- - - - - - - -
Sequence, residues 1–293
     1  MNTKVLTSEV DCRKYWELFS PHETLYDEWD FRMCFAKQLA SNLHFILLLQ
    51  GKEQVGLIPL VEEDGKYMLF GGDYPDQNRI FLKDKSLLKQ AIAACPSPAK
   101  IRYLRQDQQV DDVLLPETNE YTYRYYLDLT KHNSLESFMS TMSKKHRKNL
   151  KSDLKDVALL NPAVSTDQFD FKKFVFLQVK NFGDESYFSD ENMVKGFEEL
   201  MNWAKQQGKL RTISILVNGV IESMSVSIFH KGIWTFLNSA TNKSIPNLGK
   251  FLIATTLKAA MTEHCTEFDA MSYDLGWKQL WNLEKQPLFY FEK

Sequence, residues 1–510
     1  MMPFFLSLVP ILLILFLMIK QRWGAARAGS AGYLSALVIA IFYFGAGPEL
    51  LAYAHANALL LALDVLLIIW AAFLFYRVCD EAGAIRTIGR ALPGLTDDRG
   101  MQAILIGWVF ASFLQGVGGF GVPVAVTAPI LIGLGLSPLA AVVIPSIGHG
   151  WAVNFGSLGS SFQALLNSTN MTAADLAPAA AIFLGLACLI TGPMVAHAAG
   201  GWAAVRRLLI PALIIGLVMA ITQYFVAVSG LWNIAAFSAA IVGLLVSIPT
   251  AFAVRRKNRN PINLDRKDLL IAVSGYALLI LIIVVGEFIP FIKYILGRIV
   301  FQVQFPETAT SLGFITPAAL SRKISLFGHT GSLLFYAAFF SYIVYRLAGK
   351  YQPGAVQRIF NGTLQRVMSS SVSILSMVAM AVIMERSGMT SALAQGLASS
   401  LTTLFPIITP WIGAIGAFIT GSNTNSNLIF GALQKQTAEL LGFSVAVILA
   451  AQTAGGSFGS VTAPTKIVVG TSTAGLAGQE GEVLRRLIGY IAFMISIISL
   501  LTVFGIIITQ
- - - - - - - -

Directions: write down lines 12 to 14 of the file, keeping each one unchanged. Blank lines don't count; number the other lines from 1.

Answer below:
   151  WAVNFGSLGS SFQALLNSTN MTAADLAPAA AIFLGLACLI TGPMVAHAAG
   201  GWAAVRRLLI PALIIGLVMA ITQYFVAVSG LWNIAAFSAA IVGLLVSIPT
   251  AFAVRRKNRN PINLDRKDLL IAVSGYALLI LIIVVGEFIP FIKYILGRIV